Giant Pandas of Asia were moved off the endangered species list in 2016. The news was faintly felt by the media back in September as the election and other stories were in high demand. Nevertheless, these efforts should be properly recognised. It took close to 50 years of conservative efforts to bring the Giant Panda from Endangered to Vulnerable.
The Giant Panda was once commonly found among the southern areas of China. As China became more developed over the decades, the profitability of poaching Giant Pandas became lucrative for the rural Chinese populace. The Chinese government began their conservation efforts in the 1980s. However, by that time the Giant Panda had dropped dramatically. Currently there are approximately 2000 Giant Pandas on earth, a number that has increased by 17% in the last decade. 
Sustaining the Giant Panda's wild, bamboo-rich habitat is the most important aspect of Giant Panda conservation. This improved status validates the Chinese government conservative policies towards Giant Panda reproduction and habitat restoration and protection. However, there is still concern over how the habitat will fare against climate change which is predicted to "eliminate more than 35% of the Panda's bamboo habitat in the next 80 years." 
"It’s good news that the giant panda is no longer endangered." Says biologist Qiang Dai from the Chinese Academy of Sciences. "This is something that my friends who are working to conserve the panda are very proud of. The habitat of the giant panda has been expanding over the past 20 years, which is why the status is gradually improving. However, I don’t think the giant panda is safe now. The threats to their habitat are still only partially controlled, not annihilated, plus there is the additional impact that climate change could have on their natural habitat. The progress we have made could disappear quickly if we do not continue working to improve the situation."  Dai continues, "The giant panda itself is tough – it has outlived many other animals in its history. Additionally, the genetic diversity of the giant panda is still high. The stochastic processes in demography shouldn’t be a very big problem for a population with over 1,800 individuals. Also, hunting is not an issue as the panda is highly regarded in Chinese culture. So, most threats that other large wildlife face do not affect the giant panda. Habitat degradation and fragmentation, however, is a real, complicated problem. There are many people living in or beside the habitat of the giant panda, and inevitably there is conflict between their needs and the needs of the wildlife. Balancing this conflict is far more difficult than publishing a paper, and requires dedicated people to work on it."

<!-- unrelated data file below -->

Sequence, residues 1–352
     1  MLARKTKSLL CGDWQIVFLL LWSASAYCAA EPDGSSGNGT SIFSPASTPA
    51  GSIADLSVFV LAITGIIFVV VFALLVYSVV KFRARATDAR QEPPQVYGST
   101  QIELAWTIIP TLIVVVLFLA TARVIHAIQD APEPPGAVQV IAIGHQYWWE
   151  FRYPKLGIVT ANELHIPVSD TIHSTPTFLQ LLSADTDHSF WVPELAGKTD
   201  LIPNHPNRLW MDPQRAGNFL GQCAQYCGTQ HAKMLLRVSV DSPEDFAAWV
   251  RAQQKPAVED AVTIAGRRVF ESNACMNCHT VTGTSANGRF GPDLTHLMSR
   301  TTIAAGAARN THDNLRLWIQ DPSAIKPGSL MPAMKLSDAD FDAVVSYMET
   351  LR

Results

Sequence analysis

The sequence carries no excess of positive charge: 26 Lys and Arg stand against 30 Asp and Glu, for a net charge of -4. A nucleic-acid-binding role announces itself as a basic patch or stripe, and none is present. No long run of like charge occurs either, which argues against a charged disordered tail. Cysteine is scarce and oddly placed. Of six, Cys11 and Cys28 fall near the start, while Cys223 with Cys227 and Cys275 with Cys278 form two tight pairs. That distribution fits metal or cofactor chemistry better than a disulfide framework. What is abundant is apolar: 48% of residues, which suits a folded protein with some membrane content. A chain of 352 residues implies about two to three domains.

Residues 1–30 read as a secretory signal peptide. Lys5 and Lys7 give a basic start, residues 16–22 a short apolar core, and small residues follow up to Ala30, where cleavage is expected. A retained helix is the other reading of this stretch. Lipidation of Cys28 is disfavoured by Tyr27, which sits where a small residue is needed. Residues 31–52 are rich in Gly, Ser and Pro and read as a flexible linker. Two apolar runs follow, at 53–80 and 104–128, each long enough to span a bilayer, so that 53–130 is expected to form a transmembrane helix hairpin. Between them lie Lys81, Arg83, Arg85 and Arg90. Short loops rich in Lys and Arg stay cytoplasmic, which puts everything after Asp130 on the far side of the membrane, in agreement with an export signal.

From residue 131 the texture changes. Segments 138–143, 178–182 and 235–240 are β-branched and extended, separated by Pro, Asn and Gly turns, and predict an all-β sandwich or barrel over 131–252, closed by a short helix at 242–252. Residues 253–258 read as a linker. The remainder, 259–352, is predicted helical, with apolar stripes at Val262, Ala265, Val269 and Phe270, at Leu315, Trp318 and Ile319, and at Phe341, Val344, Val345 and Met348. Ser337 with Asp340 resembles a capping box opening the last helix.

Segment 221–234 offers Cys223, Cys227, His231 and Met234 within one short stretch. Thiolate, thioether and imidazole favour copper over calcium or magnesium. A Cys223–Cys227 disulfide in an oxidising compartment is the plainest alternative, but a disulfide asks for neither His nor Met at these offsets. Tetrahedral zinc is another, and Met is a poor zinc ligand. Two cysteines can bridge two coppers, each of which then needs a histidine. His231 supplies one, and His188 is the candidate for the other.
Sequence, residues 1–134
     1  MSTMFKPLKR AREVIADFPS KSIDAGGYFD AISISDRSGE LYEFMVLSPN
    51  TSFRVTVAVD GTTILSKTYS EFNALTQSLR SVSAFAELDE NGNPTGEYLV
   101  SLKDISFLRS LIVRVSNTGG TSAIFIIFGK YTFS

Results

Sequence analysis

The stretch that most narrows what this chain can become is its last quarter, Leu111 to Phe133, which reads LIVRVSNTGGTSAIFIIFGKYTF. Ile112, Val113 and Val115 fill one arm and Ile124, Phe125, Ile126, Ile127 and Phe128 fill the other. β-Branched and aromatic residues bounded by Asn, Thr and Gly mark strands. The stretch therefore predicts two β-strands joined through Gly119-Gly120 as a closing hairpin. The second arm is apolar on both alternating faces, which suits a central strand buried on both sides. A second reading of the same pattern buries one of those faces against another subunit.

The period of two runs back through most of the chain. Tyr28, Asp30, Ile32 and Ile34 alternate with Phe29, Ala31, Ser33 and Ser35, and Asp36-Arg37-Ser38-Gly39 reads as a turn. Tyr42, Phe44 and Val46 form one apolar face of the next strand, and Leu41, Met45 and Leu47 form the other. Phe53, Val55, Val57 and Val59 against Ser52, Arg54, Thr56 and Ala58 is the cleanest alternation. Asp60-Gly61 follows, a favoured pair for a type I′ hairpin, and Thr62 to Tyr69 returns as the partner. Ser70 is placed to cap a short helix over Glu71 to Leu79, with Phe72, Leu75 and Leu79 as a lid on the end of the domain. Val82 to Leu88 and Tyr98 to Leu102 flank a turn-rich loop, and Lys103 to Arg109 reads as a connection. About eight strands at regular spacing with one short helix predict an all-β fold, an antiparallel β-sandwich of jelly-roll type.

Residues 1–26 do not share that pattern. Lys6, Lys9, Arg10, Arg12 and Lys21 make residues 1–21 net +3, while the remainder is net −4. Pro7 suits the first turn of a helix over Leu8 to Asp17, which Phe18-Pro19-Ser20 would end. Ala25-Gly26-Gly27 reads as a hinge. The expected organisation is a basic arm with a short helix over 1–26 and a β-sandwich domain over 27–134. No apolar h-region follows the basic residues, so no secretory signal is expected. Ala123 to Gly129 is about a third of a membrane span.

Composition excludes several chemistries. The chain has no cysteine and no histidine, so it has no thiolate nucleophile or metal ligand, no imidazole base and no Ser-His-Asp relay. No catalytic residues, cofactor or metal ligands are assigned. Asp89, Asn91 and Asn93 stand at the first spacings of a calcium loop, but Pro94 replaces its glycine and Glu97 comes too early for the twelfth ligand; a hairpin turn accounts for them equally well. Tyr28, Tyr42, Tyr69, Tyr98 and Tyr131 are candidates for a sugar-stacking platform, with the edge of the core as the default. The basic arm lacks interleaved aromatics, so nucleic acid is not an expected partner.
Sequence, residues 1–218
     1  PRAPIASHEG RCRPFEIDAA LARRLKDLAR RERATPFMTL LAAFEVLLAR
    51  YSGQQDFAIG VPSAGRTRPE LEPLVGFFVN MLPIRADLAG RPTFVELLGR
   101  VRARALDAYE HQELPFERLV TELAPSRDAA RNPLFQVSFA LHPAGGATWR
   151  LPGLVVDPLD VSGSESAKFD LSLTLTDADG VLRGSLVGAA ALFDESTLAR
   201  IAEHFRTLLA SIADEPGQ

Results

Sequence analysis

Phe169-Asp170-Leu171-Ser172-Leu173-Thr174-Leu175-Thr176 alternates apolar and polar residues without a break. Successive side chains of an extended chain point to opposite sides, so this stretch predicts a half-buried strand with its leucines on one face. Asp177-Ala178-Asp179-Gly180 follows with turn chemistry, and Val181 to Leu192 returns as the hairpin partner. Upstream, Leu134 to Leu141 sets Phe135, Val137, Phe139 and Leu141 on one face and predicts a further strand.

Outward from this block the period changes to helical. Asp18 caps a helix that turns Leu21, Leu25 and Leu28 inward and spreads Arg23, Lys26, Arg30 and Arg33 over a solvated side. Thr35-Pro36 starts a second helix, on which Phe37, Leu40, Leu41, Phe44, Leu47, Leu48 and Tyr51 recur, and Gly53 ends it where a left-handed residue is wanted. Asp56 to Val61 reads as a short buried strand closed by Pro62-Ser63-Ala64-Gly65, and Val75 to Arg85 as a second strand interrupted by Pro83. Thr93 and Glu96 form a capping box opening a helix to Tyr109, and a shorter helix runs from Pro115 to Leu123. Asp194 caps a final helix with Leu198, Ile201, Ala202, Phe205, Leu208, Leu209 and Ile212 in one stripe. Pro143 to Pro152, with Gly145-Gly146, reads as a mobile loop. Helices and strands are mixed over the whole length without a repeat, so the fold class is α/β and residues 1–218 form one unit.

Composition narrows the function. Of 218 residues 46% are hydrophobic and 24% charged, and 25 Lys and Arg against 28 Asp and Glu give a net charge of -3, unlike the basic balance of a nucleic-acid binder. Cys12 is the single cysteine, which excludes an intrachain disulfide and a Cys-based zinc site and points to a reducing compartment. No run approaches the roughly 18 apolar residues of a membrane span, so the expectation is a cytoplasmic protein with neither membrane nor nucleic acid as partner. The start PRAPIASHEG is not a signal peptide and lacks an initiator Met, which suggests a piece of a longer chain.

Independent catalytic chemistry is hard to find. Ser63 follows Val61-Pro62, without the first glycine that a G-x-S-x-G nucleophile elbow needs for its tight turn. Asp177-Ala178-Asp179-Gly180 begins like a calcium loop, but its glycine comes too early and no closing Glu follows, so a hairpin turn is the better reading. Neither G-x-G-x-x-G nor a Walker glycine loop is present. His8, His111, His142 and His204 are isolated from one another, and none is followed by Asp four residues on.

Despite the obstacles ahead, the future of the Giant Panda is a strong one. The affection the Chinese people feel towards this animal will keep the conservative efforts alive.